A Cairo criminal court dropped charges Saturday against former Egyptian president Hosni Mubarak for responsibility in the killing of protesters in the January 2011 uprising.
The judge said he would drop the murder case against Mubarak because the prosecution's earlier decision on 23 March 2011 to charge the 86-year-old lacked the legal basis to bring a criminal case against the ousted president.
The judge also ruled that the statute of limitations had expired on the charges against Mubarak, his two sons and businessman Hussein Salem on charges of profiteering from illegal gifts of villas.
In addition, Mubarak was acquitted of charges of collaborating with his minister of petroleum to profit from Hussein Salem's company by giving Salem the rights to export Egyptian natural gas to Israel at below market rates.
Salem was also acquitted of the charges.
Former Interior Minister Habib El-Adly along with his six aides were acquitted of charges of murder and attempted murder related to the killing of protesters in January 2011.
Mubarak and El-Adly were initially found guilty in June 2012 of responsibility for the killing of protesters and sentenced to life imprisonment. The initial verdict was appealed successfully and a retrial began in April 2013. Alaa and Gamal were defendants in the trial, but only faced corruption charges.
Despite being acquitted on Saturday, Mubarak and his two sons are still facing separate three-year prison terms for embezzlement of public funds.
The prosecution has said that it would appeal the verdict.
The 86-year-old former president who ruled for 30 years has spent much of his detention at a military hospital on the southern outskirts of Cairo.
El-Adly will also remain jailed. He was convicted on separate corruption charges, for which he now serves a seven-year jail sentence.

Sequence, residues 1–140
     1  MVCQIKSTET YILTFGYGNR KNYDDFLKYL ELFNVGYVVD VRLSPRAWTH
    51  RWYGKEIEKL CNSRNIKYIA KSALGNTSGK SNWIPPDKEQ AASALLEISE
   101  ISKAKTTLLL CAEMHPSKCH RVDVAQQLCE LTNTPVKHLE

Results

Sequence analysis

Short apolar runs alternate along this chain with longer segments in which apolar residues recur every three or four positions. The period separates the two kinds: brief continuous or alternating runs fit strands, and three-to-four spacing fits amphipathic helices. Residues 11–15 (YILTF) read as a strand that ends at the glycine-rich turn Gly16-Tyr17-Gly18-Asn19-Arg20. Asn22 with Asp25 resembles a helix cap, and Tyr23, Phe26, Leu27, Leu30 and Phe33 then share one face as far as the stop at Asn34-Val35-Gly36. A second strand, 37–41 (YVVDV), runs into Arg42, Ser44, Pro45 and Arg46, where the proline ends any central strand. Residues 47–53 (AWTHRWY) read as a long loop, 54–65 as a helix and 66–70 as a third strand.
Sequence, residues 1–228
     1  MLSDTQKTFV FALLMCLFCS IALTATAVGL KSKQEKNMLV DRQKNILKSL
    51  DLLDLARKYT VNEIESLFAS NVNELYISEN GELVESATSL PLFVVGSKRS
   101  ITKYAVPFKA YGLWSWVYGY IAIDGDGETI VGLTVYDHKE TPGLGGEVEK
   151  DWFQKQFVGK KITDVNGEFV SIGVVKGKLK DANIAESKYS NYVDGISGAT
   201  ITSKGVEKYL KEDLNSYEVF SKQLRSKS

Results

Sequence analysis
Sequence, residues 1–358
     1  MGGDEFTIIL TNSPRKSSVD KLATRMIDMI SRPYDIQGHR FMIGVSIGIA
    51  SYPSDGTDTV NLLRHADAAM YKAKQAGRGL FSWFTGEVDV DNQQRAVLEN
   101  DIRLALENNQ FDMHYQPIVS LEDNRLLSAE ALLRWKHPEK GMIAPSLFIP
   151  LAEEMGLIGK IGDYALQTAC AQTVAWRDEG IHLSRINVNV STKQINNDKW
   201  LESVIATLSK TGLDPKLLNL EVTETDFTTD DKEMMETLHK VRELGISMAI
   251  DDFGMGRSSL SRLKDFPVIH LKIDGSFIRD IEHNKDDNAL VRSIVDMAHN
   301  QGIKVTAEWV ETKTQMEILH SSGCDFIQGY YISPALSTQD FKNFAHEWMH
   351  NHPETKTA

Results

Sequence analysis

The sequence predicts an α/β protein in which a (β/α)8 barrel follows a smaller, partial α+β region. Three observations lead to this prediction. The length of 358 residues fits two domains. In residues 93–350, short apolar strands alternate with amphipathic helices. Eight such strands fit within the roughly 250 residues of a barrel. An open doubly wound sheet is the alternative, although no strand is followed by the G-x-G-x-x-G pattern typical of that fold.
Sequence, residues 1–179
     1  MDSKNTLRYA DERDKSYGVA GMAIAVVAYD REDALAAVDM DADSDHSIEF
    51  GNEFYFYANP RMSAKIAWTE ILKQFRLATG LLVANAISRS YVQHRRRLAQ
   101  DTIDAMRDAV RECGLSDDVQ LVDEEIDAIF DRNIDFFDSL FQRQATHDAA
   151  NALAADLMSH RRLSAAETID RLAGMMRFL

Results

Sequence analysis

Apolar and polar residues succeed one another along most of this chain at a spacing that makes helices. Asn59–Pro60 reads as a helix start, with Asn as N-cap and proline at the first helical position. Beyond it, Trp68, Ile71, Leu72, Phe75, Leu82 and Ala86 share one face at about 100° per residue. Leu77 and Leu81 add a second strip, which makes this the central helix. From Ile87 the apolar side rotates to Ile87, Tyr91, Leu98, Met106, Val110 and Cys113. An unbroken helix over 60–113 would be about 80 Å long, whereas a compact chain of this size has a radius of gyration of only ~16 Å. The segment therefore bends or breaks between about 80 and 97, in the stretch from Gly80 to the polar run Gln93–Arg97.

Salem was tried in absentia.
Verdict hailed by some
Dozens of Mubarak supporters hailed the verdict, waving pictures of the former president outside the courtroom where the verdict was issued, while the defence camp was jubilant.
El-Adly's lawyer, Essam El-Battawy, told CBC satellite channel that although his client will remain in prison on other charges he is optimistic he will soon be found completely innocent.
El-Adly has only one case ongoing and it is being appealed, his lawyer said. The remaining case, known in the Egyptian media as the "licence plates case," involves a government contract awarded to a German company to provide licence plates for vehicles at inflated prices.
El-Adly was acquitted of other corruption charges in previous cases, and was acquitted Saturday of responsibility for the killing of protesters in 2011, explained El-Battawy.
Speaking to Egyptian radio from Spain after the verdict was business tycoon Hussein Salem, who was acquitted of corruption in the Saturday verdict. Salem, who has been abroad since the 2011 uprising, said he would return as soon as possible.
"Tahya misr (long live Egypt)!" he said during his interview, repeating the patriotic slogan that is often deployed by supporters of the military.
Talking to Ahram Online, the deputy head of the Conference Party, Salah Hasaballah, defended the verdict, saying that Mubarak had given a lot to Egypt during his presidency.
Regardless of what the verdict had been, Hasaballah said that “Egyptians are more concerned with the political future of their country than with the past."
“After two revolutions and after a new elected president, our priorities are to focus on how to build the new Egypt.”
The Conference Party was founded last year by Mubarak-era foreign minister Amr Moussa.
Political backlash unlikely
Political analyst Mohamed El-Agaty of the Arab Forum for Alternatives think-tank told Ahram Online that he expects that the political backlash to the verdict to be small and to pass quickly.
El-Agaty argued that the state and media have been propagating a state of "panic" that will not allow for any mobilisation against the verdict.
Similarly, April 6 Youth Movement member Zizo Abdo also believes that the media has had an effect on public attitudes to the case making it unlikely people will object.
“I don’t believe that Egyptians will react against the verdict after the media has spent more than three years making propaganda against the revolution…saying it serves foreign agendas," he told Ahram Online, adding that he believed security forces would not allow people to mobilise against the verdict anyway.